Calls for targeted immigration reform are growing louder from economists who say the United States’ supply of highly skilled workers cannot keep pace with increasing demand from its young businesses. Especially in technology and manufacturing fields, many believe foreign-born talent is needed to help firms reach their potential.

The BCG study suggests the dearth in highly skilled manufacturing workers is much smaller than some have reported. (Victor J. Blue/BLOOMBERG)

Conducted by the Boston Consulting Group, the study indicates that a “skills gap” indeed exists but that it’s not nearly large enough to spur panic or broad policy changes. The U.S. manufacturing industry is short roughly 80,000 to 100,000 highly skilled workers, according to the research, but that represents less than 1 percent of the American manufacturing industry’s total workforce.

Moreover, a severe gap was found in only seven states, six of which fall in the bottom quartile in terms of annual manufacturing output.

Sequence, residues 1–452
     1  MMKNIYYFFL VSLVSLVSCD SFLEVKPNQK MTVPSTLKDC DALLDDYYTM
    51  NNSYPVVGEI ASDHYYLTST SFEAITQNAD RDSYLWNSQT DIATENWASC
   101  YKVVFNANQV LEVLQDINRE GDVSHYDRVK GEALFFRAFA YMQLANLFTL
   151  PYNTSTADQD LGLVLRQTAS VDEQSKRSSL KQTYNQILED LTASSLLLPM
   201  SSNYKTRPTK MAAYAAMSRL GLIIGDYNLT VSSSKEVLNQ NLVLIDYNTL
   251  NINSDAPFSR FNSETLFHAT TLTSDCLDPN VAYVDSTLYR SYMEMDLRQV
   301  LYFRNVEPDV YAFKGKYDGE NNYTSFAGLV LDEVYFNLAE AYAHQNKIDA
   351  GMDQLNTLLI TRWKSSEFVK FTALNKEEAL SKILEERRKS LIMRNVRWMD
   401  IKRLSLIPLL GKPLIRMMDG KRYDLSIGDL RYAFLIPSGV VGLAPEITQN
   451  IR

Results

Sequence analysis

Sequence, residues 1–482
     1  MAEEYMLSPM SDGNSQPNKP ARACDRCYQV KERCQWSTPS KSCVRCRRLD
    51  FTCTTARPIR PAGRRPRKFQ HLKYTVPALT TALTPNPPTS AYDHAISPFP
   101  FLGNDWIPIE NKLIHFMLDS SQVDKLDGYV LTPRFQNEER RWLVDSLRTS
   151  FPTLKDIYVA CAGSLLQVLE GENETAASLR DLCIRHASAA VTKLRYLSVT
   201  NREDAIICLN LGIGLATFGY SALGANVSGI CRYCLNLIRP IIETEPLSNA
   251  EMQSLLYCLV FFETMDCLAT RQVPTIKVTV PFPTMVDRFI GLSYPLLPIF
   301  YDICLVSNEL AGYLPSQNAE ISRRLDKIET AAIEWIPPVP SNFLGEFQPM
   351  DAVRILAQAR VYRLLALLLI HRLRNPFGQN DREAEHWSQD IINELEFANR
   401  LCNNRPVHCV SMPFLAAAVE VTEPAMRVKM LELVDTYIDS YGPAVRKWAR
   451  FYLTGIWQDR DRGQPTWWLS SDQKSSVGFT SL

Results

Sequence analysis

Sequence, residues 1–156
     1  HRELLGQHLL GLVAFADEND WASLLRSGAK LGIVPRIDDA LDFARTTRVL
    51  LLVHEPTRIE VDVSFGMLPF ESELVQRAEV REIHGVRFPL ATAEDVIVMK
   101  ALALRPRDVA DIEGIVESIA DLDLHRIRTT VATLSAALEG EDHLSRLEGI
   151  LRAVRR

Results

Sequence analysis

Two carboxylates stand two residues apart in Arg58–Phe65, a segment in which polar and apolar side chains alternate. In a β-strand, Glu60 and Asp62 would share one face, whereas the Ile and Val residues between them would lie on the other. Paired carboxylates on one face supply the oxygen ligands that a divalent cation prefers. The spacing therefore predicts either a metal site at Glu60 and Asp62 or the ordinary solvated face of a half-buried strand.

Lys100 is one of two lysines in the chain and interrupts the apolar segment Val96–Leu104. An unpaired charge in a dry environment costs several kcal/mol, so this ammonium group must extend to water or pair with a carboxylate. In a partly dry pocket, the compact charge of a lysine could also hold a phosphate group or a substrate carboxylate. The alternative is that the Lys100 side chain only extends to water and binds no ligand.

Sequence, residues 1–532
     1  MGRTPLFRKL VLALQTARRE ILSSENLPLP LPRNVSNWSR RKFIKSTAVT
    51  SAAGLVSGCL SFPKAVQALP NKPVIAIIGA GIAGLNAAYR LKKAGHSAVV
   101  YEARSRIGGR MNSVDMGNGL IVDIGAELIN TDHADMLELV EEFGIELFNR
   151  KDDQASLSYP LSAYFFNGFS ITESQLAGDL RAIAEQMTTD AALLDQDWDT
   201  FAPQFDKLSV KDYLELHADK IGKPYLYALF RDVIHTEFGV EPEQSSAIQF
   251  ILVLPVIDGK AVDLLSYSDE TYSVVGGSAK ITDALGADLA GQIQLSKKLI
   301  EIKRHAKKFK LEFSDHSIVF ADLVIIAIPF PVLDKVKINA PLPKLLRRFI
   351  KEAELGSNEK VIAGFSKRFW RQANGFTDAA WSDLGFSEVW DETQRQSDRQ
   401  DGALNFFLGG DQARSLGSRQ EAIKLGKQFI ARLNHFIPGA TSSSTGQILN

“Shortages of highly skilled manufacturing workers exist and must be addressed, but the numbers aren’t as bad as many believe,” Harold L. Sirkin, BCG senior partner and study co-author, said in a statement. “The problem is very localized.”

The findings counter other oft-cited studies that have suggested a need to provide easier immigration paths for highly trained, foreign-born workers..

The Kauffman Foundation earlier this month reported that the proportion of new companies founded by foreign-born entrepreneurs has slipped to 24.3 percent from 25.3 percent in the past six years after two decades of consistent growth. The decline was especially pronounced in Silicon Valley, one of the world’s greatest suppliers of fast-growing technology companies.

Researchers blamed much of the decline on increasingly strict immigration laws that they believe are making it more difficult for foreigners to start their enterprises in the United States.

Do you think immigration reform is needed to welcome more highly-skilled workers? Please join the conversation in the comments below.

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